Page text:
MISD approves $250,000 for new tech
The Marlin Independent School District Board of Managers met on Thursday, March 19, for their regularly scheduled meeting, which happened to be just after the coronavirus scandal hit the community.
The meeting was available for public viewership by teleconference as Gov. Greg Abott suspended the part of the Texas Open Meetings Act that guarantees the public can access and participate in government meetings on Monday, March 16.
Adam LeJeune, the Director of Technology for MISD, presented research he had composed on how purchasing technology for students’ use at home would greatly benefit the district as a whole.
“We have some connectivity issues in the community,” LeJeune said. “We’ve done some household surveys; many of them don’t have any internet access at all.”
The district has been sending out both virtual and physical assignments in order to attempt to fill this connectivity gap, but would like to minimize the paper-trading, as the packets could potentially carry the virus back to the teachers. LeJeune put forth the idea of getting additional Chromebooks for those without access to a computer, along with hotspots for students lacking internet access at their residence.
He made his presentation looking for guidelines on what he would be allowed to spend and direction on what the board felt was the best avenue to pursue.
“We’re hoping to use some funds to fill the emergency needs of the community,” LeJuene said. “Our preliminary data shows that 60 percent do not have internet at home.”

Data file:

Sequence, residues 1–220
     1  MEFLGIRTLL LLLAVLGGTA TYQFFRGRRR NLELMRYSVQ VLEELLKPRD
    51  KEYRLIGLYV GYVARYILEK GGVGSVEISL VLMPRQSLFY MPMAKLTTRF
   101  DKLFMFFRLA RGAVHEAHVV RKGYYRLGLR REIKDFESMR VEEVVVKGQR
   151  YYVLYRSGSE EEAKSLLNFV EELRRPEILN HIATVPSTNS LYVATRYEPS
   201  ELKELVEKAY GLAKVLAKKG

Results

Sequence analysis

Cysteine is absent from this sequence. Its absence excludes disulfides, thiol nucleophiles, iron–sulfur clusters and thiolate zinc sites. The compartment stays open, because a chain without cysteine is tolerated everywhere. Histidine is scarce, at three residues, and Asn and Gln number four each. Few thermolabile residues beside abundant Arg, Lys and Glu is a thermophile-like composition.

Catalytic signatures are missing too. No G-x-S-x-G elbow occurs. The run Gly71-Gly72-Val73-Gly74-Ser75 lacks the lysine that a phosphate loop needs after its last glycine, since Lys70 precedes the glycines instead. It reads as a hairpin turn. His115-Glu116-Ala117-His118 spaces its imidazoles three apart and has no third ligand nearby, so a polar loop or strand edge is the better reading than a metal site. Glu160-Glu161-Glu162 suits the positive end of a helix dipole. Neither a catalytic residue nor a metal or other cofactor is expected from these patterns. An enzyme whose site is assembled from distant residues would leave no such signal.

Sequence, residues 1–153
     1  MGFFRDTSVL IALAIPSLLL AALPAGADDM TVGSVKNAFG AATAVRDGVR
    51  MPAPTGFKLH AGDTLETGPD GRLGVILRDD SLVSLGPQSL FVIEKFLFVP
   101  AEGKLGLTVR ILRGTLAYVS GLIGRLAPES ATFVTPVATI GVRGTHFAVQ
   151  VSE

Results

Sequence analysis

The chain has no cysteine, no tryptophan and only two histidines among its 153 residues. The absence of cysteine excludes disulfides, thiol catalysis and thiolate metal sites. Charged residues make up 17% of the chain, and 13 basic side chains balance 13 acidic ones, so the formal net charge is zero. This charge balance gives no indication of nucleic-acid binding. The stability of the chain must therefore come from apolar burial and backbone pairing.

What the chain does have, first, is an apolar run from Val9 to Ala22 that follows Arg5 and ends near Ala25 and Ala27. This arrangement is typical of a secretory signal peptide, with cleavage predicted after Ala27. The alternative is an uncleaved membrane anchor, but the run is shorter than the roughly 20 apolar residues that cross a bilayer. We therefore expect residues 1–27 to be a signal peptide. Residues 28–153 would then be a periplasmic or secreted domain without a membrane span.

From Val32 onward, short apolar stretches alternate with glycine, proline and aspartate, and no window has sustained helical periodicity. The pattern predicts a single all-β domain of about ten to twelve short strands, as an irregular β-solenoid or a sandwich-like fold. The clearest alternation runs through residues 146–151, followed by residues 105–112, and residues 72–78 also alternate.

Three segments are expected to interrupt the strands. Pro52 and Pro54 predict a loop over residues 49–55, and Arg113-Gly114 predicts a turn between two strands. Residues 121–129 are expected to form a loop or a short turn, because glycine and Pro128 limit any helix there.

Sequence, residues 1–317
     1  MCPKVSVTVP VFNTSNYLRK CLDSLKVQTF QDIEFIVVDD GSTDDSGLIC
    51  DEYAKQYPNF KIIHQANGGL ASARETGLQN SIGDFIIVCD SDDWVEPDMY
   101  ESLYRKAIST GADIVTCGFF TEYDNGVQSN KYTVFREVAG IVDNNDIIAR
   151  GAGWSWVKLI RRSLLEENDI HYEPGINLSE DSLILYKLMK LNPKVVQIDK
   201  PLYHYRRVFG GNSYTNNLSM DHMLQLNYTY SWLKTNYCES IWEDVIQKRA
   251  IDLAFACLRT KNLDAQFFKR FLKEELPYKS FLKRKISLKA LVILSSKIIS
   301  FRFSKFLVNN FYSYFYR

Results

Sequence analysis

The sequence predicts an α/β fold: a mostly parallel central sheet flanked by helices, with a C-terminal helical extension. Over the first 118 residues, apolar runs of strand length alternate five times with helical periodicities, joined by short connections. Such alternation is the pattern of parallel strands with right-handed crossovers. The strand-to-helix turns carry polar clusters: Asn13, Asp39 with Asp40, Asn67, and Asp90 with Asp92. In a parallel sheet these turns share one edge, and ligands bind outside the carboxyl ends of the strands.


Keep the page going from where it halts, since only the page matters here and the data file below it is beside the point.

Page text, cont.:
There was vivid discussion among all members of the board as to what is necessary for this emergency and a realistic price range of what the necessary parts would cost.
Interim Superintendent Jean Bahney stated during the meeting that she had already authorized the maximum she could to support the emergency education of students, which was later named to be $24,999.
Because only preliminary research had been done, exact numbers were not available for total need, but 384 Chromebooks are currently owned and being used by the district.
LeJeune brought forth three options for hotspots that varied in price, speed, and usage. All contracts were for 250 hotspots. The board decided to go with T-mobile, saving the district about $32,000 by choosing a 24-month contract versus a 12-month one.
After more intense deliberation, the board opted to give a maximum amount to spend as a guideline instead of mandating a specific amount of devices be purchased.
Danny Vickers questioned how this would factor into the budget, whether for this year or for next year. Both LeJeune and Bahney answered his question with specifics. He then asked how the budget would be impacted.
According to Pat Lewis, Marlin ISD CFO, there is enough money in the district's accounts to cover this need right now.
“We have a very happy fund balance,” she told board members.
Because the hotspots will be paid for over a period of time, they will be factored into the 2020-2021 budget when the time comes.
“I want y’all to find a way to make this work,” Danny Vickers said. “I would really like to see if having the technology access at home enhances the educational performance for the K-3. I can't imagine that it wouldn’t be helpful to the others either.”
The initial maximum, suggested by Vickers, was $200,000, but he upped it after analyzing the numbers a little further.
“I think that’s gonna get you everything you’re asking for,” Vickers told the educator.
He made the motion to approve up to $250,000 to be used first for purchasing the hotspots and the rest to be used as needed for purchasing new Chromebooks in order to provide the community with access to instruction, education, and connectivity during the COVID-19 crisis. Byrleen Terry seconded the motion and it passed 3-0.
The process for checking out equipment has begun. Head to the Marlin ISD website to fill out the Chromebook Checkout Form. If you do not have a valid email address, please contact campus staff during nutrition pick-up. As of March 25, children are no longer required to be with parents for nutrition pick up, per the Texas Department of Agriculture.